Hemp is Grown to Optimize Size and Yield

Industrial hemp is used for it's fibers, seeds, and leaves. Because of this, it's growth is not as tightly controlled. Hemp growers are mostly just focused on getting the highest possible yield out of hemp, so it’s usually grown outdoors. An added bonus? Hemp is a prolific grower and naturally repels pests, so it doesn’t require pesticides and grows like...well, weeds.


 A dropper bottle sits on top of three fanned out hemp leaves.


The different cannabinoid levels in marijuana and hemp provide different benefits for users. Where marijuana is pretty much just used for it’s THC and CBD rich buds, you can benefit from every part of the hemp plant— from the fibrous stalks to the stems, leaves, and flowers.


What is Hemp Good For?

Hemp is used for a host of benefits that don’t all include ingesting the cannabinoids. Let’s cover some of the main ways hemp is a great addition to your daily life:


  • Hemp helps you relax: CBD can be derived from hemp just as it’s derived from marijuana, and is just as effective at helping you to destress. Hemp-derived CBD is now legal across the US, and many people use it for sleep management, mood boosts, and overall relaxation.
  • Hemp is a limitless eco-friendly material: not only do you benefit from using hemp, but so does the earth! There are truly so many ways hemp is being used as a sustainable alternative to modern products: from building material made from hemp, to hemp paper, to a hemp bra, the sky’s the limit!
  • Hemp is good for your skin: Thanks to powerful antioxidants like linoleic acid and oleic acid, beauty products made with hemp are becoming a popular way to take care of your skin and keep it looking young and supple.
  • Hemp is great for your health: Not only can you wear it and put it on your face, you can also eat hemp for a whole host of health benefits! From hemp hearts to hemp flour, foods made with hemp are packed with healthy fats, vitamin E, protein, potassium, iron, and more.


What is Marijuana Good For?

The benefits of marijuana are largely medicinal, which is why marijuana is now slowly being legalized for medicinal use across the US. Here are just a few medical benefits of marijuana:


  • Reduces inflammation: the CBD present in marijuana has anti-inflammatory effects on the central nervous system, making it great for people with inflammation issues like IBS or arthritis.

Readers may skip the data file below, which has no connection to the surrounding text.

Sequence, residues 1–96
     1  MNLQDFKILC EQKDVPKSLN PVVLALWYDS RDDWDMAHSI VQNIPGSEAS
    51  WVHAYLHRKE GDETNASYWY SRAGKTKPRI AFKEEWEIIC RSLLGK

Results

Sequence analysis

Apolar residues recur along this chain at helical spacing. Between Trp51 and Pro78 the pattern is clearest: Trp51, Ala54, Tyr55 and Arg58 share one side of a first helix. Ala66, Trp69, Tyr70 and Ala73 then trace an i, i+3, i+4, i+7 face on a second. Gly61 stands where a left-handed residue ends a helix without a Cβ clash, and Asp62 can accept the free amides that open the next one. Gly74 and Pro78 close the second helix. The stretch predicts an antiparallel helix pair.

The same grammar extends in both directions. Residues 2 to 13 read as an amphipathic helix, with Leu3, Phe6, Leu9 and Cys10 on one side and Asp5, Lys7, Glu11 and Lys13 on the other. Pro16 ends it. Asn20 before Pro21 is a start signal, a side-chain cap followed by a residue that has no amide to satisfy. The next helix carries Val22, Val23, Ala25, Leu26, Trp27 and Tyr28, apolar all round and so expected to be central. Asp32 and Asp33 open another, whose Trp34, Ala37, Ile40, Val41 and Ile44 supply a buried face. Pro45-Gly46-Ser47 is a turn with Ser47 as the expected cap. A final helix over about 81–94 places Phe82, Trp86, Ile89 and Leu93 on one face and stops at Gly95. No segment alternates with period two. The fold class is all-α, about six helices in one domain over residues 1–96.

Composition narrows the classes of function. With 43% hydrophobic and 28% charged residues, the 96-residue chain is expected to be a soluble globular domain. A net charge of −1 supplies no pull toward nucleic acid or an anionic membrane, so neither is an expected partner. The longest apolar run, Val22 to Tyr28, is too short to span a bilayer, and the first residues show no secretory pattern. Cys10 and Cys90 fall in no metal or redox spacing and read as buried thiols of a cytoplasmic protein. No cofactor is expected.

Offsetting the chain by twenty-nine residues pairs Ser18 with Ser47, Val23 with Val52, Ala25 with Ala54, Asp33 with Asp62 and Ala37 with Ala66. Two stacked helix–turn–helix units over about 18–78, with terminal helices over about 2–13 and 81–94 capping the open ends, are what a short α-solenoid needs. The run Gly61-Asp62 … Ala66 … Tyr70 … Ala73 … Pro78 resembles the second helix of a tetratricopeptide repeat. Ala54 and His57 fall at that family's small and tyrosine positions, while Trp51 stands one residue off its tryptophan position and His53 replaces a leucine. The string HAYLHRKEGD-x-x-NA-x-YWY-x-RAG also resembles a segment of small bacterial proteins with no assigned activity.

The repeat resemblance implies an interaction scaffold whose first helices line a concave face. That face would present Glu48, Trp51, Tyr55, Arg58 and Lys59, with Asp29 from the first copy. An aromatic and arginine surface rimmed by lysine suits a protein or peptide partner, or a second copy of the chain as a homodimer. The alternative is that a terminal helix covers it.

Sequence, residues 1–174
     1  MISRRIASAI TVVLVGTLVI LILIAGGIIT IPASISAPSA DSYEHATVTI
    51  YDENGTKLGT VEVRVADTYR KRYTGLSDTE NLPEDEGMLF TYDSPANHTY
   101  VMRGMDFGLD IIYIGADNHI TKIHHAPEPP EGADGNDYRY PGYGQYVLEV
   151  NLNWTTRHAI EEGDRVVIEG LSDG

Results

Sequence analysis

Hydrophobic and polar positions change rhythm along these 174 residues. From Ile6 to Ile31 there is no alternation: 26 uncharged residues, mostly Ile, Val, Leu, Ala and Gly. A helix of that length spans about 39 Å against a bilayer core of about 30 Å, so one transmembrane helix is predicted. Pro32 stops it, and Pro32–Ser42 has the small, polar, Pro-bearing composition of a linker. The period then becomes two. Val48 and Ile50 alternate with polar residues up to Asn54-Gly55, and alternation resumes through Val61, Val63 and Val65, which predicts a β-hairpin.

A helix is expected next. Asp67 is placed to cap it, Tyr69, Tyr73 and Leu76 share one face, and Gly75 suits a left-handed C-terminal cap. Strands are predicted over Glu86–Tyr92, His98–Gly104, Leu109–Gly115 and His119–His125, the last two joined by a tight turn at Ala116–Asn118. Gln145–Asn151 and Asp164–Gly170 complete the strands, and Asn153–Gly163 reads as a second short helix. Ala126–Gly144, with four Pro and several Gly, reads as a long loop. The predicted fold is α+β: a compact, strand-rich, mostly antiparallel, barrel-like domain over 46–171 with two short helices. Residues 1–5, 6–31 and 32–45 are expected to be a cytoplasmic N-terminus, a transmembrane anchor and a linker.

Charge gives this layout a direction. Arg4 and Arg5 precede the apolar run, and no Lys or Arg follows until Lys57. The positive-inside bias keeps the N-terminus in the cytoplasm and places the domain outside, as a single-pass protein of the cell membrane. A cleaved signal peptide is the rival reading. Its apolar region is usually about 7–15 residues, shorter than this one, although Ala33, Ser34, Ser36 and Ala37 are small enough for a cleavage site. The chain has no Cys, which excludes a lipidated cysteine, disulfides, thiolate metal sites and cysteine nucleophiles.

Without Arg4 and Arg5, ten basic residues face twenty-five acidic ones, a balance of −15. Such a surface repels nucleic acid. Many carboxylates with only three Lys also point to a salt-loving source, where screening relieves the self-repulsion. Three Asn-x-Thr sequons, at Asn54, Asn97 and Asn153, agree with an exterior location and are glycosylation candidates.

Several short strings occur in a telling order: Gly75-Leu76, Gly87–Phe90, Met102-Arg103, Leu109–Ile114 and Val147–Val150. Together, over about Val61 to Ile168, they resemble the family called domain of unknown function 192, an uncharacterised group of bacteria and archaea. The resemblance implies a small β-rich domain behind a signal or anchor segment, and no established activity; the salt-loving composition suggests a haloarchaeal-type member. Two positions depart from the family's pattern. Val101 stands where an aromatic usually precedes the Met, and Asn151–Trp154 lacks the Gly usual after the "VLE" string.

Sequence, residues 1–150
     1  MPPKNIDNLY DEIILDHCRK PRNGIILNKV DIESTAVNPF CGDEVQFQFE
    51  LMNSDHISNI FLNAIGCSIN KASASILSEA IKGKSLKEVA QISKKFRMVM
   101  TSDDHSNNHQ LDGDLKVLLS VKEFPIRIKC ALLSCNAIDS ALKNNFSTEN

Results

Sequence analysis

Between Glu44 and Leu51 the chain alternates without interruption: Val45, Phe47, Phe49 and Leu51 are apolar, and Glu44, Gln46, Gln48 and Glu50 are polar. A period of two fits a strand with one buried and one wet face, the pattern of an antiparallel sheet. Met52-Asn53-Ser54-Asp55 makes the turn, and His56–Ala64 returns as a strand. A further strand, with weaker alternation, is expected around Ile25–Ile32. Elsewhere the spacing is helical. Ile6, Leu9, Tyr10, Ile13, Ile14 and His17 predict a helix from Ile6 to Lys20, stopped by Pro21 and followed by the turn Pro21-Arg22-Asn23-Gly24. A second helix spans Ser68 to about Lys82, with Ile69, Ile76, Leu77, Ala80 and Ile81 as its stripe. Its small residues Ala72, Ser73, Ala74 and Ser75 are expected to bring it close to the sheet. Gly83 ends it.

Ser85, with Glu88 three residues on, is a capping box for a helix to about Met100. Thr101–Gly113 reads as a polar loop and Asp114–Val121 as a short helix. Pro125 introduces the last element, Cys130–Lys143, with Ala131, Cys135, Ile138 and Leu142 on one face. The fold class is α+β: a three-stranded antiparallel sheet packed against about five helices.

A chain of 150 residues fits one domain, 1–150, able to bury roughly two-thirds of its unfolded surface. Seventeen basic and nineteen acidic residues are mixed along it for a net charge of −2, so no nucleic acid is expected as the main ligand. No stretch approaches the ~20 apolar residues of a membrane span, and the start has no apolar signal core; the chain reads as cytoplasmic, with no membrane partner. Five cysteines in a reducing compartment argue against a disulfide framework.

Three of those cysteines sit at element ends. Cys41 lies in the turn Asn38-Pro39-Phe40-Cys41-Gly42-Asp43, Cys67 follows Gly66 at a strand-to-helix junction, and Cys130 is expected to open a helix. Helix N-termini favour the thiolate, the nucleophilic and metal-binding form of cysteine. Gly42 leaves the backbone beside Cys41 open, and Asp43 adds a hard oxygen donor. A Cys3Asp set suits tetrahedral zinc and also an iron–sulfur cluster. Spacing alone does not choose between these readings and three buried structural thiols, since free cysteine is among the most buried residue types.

• Treats chronic pain: cannabinoids in marijuana are thought to reroute neural pathways in the brain when it comes to pain perception, which is why some doctors prescribe it for chronic pain like fibromyalgia, migraines, and more.
  • Helps ease mental and neurological issues: marijuana has been seen to influence the limbic system, the part of your brain responsible for emotional regulation. That’s why some people now medicinally use marijuana for difficulties like anxiety and PTSD.


Ancient Chinese man standing amongst hemp plants


The known benefits of hemp and marijuana aren’t exactly new— human beings have been experimenting with cannabis plants for millenia. It’s even said that the oldest textile artifact is a piece of hemp fabric from 8,000 BC. Some other ways cultures around the world have used hemp and marijuana plants:


  • As traditional medicine: Ancient Greeks used cannabis for a whole host of medicinal uses, from dressing wounds to treating nosebleeds. In China, the term for “anesthesia” translates to “cannabis intoxication,” as early Chinese surgeons in the first century used cannabis infusions to relax patients before operations.
  • As a recreational drug: That’s right, some of our ancestors were using cannabis just for personal enjoyment. Ancient texts from India point to it’s recreational use, and even Napoleon Bonaparte’s French Army got in on the fun when they invaded Egypt in 1798.
  • For religious rituals: Speaking of Egypt, ancient Egyptians were no stranger to cannabis and often used it when worshipping the goddess Seshat during religious ceremonies. There’s also record that ancient Taoists used cannabis plants in incense burners to create “hallucinogenic smoke.”


A dropper bottle filled with hemp oil while we discuss hemp vs weed.

Both hemp and marijuana have a few different uses that they’re known for today. With hemp as the naturally occurring low-THC cousin of the two, hemp is a bit of a miracle plant with all the ways it can be used. From food to clothing to biofuel, there are so many cool ways people are making good use of hemp these days.


Use Hemp For it’s CBD Benefits

Hemp-derived CBD is available widely across the US and celebrated for its ability to help you relax at the end of the long day. Whether you want to use it as a natural sleep aid or just enjoy a CBD-infused drink to unwind while watching your favorite show, there are so many ways to enjoy hemp-derived CBD.


A tray sits on a plush white carpet with hemp tea and flowers.

Use Hemp Foods for Your Health